Scripting in Unity with C#

In this tutorial we will look at how to start scripting in Unity using the C# language. Scripts are what are needed to make your game interactive. In addition to the videos on scripting, make sure you also check out the C# Script Reference page where you can find examples of scripting and sample code.

Basic template script

Every script in Unity has a few required components that you need to include. This template script contains the basic components that every script needs to begin with when using C# scripts in Unity.

using UnityEngine;
using System.Collections;
public class scriptNameGoesHere : MonoBehaviour {
 // Use this for initialization
 void Start () {
 // Update is called once per frame
 void Update () {

This script is made up of three sections:

  • The using section
  • The class declaration section
  • The class contents

The using section

The section of the code lists the libraries that the script will be using. This is usually left as it is and not changed most of the time.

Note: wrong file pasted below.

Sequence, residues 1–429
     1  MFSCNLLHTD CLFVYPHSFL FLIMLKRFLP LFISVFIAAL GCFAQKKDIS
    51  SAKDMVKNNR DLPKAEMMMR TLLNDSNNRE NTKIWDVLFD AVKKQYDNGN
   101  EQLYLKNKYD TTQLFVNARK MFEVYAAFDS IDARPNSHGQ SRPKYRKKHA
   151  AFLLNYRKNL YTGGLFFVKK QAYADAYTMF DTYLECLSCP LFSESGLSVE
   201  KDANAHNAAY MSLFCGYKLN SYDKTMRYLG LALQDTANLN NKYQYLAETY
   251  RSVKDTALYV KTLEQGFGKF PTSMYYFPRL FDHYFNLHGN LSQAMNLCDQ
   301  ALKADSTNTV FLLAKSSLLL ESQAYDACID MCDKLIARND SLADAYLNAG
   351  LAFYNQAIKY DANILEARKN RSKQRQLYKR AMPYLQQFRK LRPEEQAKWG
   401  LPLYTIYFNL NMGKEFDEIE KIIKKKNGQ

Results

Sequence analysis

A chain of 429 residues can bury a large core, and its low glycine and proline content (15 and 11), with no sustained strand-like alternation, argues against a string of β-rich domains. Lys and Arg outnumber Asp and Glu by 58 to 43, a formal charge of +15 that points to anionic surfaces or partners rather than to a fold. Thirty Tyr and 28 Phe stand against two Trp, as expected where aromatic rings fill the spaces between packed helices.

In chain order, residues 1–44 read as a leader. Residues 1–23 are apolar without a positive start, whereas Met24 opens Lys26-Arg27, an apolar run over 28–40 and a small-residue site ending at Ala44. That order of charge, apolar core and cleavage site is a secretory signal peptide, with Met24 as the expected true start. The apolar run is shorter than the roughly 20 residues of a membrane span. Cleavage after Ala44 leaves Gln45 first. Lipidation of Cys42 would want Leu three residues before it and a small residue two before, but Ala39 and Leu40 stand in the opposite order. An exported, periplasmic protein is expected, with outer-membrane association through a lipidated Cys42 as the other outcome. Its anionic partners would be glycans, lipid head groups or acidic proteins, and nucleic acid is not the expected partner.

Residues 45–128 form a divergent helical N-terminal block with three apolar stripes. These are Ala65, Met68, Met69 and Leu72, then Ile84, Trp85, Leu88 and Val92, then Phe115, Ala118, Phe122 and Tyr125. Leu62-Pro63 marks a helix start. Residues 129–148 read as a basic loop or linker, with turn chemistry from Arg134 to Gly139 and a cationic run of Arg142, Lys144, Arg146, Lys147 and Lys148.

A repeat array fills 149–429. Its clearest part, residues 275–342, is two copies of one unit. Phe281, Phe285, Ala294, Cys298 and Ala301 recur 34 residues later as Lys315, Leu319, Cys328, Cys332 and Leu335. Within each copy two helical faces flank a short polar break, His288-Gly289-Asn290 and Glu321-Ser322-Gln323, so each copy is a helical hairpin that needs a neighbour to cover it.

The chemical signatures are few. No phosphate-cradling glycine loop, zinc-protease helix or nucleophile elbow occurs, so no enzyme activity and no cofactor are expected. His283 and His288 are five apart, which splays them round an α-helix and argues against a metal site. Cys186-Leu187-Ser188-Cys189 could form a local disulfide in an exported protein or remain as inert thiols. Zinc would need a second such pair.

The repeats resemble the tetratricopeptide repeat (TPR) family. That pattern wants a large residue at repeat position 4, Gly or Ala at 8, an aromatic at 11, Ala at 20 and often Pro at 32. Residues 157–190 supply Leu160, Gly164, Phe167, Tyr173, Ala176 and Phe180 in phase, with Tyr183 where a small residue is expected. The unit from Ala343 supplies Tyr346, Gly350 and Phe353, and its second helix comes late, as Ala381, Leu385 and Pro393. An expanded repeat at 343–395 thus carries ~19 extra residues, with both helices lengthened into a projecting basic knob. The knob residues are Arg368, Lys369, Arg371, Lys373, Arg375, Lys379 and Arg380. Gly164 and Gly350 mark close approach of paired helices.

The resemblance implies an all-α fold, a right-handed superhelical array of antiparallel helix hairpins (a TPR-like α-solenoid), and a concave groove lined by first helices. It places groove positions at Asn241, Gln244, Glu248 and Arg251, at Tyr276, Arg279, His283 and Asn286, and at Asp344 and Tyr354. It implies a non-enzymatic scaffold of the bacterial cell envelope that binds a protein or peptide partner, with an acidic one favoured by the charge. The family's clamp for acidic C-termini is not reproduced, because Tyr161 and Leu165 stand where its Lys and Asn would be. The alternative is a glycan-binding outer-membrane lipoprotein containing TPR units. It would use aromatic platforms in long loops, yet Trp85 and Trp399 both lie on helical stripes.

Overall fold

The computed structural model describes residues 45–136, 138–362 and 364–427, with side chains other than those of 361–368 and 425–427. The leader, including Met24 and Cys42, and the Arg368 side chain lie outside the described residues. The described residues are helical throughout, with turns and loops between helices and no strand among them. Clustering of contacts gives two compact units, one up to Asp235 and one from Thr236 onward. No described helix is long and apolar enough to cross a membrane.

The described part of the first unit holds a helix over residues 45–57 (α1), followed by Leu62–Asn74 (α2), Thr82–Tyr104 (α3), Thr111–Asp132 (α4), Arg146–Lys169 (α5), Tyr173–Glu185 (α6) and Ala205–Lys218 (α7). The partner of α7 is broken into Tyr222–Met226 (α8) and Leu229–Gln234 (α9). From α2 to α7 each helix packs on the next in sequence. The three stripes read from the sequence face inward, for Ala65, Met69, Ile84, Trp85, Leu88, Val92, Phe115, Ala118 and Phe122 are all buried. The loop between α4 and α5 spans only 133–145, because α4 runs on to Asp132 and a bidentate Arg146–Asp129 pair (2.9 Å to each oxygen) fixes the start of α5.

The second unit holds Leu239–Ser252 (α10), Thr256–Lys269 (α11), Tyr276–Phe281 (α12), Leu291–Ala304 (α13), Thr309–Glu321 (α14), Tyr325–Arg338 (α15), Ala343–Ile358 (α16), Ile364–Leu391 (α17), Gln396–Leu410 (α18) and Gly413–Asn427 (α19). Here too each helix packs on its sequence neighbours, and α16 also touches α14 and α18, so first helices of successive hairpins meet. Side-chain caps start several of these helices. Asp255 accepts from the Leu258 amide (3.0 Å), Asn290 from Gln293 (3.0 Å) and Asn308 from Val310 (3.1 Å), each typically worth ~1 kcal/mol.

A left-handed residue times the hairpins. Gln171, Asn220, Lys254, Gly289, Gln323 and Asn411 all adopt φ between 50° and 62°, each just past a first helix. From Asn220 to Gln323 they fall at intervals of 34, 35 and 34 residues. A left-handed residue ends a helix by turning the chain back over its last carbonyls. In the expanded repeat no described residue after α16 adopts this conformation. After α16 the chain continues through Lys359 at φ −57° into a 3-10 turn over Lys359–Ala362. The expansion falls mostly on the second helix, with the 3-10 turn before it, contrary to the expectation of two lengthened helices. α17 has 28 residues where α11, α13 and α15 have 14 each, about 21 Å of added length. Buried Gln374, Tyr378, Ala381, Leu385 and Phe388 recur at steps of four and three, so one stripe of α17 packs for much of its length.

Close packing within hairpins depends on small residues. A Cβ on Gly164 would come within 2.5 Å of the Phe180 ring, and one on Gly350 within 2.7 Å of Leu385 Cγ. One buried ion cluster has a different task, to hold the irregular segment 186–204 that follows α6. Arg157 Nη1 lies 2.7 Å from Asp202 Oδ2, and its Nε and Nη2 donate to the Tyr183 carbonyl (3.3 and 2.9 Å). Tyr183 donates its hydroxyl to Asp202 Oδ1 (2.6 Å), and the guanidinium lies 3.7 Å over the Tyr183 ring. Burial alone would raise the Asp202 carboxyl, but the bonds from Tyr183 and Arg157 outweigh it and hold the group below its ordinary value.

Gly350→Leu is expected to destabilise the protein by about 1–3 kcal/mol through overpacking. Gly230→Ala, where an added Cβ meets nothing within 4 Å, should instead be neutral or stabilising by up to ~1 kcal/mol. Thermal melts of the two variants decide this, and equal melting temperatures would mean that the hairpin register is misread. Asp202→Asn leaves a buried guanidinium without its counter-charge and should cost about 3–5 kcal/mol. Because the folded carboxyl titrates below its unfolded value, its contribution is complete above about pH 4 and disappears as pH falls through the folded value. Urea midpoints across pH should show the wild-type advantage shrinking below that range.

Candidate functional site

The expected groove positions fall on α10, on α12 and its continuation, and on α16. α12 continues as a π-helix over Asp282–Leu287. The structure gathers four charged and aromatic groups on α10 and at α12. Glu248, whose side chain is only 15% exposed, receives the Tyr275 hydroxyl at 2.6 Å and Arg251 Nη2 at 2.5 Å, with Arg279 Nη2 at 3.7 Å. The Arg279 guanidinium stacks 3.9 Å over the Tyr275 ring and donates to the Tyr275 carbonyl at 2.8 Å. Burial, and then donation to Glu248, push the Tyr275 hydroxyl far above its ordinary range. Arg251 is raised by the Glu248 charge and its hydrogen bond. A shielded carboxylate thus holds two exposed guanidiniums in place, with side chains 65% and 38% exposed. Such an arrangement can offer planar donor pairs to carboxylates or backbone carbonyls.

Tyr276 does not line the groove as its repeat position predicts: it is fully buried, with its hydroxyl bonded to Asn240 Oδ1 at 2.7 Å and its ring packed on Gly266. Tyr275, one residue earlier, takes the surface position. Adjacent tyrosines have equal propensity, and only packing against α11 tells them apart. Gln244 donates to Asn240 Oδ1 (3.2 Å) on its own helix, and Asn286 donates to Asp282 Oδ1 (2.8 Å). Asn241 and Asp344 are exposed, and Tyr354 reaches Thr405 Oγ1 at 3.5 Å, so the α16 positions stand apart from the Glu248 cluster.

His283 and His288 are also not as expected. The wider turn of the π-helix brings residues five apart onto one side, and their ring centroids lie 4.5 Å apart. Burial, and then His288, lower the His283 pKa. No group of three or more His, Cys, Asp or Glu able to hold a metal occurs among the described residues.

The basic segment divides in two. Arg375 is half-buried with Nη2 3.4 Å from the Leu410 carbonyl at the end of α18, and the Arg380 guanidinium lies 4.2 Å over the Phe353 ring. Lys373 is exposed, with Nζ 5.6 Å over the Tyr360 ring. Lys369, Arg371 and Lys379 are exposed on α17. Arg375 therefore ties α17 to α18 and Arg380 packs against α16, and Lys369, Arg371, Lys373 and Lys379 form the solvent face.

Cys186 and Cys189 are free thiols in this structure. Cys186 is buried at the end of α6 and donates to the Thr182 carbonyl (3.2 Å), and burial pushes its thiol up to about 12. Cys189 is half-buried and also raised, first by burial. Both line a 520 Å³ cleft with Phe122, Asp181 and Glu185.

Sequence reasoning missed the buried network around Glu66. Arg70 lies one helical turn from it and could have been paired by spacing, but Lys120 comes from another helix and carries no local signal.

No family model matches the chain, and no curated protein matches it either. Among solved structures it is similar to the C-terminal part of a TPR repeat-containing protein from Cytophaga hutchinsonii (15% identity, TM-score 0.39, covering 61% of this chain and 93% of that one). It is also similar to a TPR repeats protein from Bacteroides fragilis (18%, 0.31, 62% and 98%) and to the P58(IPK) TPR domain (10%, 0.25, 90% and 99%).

The class declaration section

All scripts contain a class that is named after the actual script. For example, if the script file is called characterMove.cs then the class will be called characterMove. Note that script file names and class names should not contain any spaces. The first line of this section (the class declaration) doesn’t really get changed much so it should be left alone. All of the code that exists between the opening { and closing } brackets is a part of this class. All of your code will go between these opening and closing brackets.

The class contents

The code placed in between the opening and closing brackets of the class is what makes up the script. All of your code goes here. By default, a script will have two methods inside the class, the Start method and the Update method.

Any code that is placed inside the Start method will run when the scene that it is attached to first starts. Any code that is placed inside the Update method will run every single time the game updates which is usually about 60 times a second but this will depend on the computer being used.

Note that statements in C# have a semi-colon (;) at the end of the line. Leaving the semi-colon out can cause errors.


The // characters are used to add comments to your code. Any text on a line after the two forward slashes will not be treated as code. Comments are useful as they contain notes about what is happening in the code an can help others understand the algorithm.

Here is an example of a comment:

// This is a comment

Now check out the next tutorial: Data Types and Variables in C#.